June 9, 2020
As environmentalists and caretakers of the earth, it is our duty to ensure the prosperity of all environments as well as the built environment around us. But what if the environments we have built have a story of systemic racism, prejudice, redlining, exploitation, and marginalization of BIPOC (Black, Indigenous, people of color) communities? Is it possible to include conservationists, economists, urban planners, sustainability professionals, and social activists in the reformation process? To this question, I say that we should recognize the systemic racism in our society as an environmental issue and that racial equity should be the focal point for sustainable development.
In the past few weeks, our world has been heartbroken at the police killings of Black people. However, these narratives are not new — they are simply being filmed. These narratives leave me and others in my Black community feeling endangered, helpless, fearful, and unstable. As a student in sustainability and urban planning, I want to see more representation to solve these disparities that communities of color face. What happened to Breonna Taylor, George Floyd, and countless others has been perpetuated from a history of white supremacy, hate, and racial exclusion. Historically and even today, this racial exclusion has presented itself in national parks, sustainability careers, and the environmental movement.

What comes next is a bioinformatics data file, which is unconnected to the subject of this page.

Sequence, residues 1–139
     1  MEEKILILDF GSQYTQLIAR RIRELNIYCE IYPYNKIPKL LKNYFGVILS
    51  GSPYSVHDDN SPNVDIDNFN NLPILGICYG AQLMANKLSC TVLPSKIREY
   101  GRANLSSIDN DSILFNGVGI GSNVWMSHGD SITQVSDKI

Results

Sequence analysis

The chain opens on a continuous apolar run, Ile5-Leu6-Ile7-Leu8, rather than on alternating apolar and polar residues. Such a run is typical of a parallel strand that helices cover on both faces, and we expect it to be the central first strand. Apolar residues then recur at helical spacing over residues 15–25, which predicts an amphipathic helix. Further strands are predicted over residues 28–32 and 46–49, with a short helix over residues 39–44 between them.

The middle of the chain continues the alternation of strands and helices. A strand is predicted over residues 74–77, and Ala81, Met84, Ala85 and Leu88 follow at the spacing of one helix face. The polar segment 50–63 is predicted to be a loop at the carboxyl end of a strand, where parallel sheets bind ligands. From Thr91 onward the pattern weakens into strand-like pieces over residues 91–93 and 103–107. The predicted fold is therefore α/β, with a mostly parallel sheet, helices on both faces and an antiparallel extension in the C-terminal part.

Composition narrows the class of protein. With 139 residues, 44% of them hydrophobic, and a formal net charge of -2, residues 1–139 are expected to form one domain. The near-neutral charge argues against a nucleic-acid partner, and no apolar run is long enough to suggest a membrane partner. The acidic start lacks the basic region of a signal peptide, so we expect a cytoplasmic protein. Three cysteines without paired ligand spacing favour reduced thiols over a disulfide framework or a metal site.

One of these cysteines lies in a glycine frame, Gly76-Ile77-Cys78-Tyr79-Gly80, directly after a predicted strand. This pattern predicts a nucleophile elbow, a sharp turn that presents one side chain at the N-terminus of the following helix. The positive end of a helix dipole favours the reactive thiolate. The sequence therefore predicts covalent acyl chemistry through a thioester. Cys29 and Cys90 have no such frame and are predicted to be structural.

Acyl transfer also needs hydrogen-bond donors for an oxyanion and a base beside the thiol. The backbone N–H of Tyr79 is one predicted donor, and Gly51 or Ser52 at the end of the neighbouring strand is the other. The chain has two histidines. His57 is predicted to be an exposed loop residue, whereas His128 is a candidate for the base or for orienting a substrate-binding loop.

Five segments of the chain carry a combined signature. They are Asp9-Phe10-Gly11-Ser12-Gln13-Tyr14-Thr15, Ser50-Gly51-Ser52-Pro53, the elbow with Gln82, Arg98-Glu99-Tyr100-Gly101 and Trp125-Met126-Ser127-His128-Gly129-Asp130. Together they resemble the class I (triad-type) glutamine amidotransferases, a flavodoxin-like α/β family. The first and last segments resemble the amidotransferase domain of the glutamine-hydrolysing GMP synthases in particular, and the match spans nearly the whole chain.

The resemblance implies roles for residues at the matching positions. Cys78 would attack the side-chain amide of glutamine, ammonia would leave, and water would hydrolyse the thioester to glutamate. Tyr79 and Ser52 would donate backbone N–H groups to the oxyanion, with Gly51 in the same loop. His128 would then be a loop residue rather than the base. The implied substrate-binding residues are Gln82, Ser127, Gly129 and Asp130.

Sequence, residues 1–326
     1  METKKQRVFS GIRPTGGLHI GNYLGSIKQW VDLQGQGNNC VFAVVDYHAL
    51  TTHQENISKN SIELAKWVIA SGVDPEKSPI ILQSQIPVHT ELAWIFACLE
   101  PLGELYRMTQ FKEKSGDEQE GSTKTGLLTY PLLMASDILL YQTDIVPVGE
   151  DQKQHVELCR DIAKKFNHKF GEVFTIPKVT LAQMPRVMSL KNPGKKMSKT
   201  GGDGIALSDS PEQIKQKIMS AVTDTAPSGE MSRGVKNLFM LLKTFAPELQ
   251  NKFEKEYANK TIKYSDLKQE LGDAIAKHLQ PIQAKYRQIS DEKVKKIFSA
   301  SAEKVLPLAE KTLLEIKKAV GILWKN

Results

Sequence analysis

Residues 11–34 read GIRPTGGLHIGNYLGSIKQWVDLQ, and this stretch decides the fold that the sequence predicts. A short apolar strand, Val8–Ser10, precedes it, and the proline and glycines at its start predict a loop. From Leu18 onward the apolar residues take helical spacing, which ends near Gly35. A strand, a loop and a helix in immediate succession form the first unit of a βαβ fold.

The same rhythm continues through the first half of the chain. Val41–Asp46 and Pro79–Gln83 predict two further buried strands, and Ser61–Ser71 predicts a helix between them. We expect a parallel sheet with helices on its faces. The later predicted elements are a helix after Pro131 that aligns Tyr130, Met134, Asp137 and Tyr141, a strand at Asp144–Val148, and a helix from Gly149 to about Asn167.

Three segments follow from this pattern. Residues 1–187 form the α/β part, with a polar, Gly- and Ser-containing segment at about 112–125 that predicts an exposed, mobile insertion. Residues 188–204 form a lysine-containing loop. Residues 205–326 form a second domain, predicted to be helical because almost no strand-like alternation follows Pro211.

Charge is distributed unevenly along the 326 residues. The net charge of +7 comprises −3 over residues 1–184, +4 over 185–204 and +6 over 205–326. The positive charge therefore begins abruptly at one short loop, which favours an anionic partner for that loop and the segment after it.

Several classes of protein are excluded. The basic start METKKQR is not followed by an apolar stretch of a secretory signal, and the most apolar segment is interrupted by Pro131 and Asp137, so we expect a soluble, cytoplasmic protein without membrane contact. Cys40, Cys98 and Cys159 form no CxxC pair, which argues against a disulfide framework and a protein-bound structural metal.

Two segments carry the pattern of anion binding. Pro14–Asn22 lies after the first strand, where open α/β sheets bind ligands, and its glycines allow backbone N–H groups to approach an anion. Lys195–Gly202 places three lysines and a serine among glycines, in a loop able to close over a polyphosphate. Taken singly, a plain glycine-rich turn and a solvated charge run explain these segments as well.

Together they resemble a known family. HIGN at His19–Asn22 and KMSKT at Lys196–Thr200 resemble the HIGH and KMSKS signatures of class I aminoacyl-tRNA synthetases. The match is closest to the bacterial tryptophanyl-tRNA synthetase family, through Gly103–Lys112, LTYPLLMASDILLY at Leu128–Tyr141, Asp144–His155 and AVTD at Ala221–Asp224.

I know because I have experienced this myself. One issue that I have always had with environmentalism is the intersectionality that it lacks. It’s hard to find professionals who look like me in my career field or even to teach my classes or mentor me. I have always admired the ASU charter that states that we are a university “measured not by whom it excludes, but by whom it includes and how they succeed.” I believe that the world is trying to uphold this belief but it is inequitable when certain populations are not given the resources to succeed. Instead, our society has perpetuated the myth of meritocracy for minority communities.
Racism is woven into the DNA of our country and to combat it we need to be in solidarity with movements such as Black Lives Matter and dismantle the system it was built upon because it never served us. Furthermore, it needs reform in our environment first and as long as we turn a blind eye to the marginalization we are all complicit in the oppression of Black and brown communities. Environmental and racial reform looks like working with diverse communities to execute community-oriented solutions, allocating more funding for equitable education opportunities, and appointing Black leaders in all sectors.
These solutions must come from inside the community and be representative of what people need. We must also emphasize that these solutions are not to be politicized or seen as controversial because Black growth, prosperity, and dismantling racism is a basic human rights issue. Deeming them as controversial only digresses further from equity. Freedom has always been at a high price for some but it should never have to be that way. It is a birthright and should be treated as such. Injustice anywhere is injustice everywhere and no one is truly free until all people are free regardless of identity. Black Lives Matter.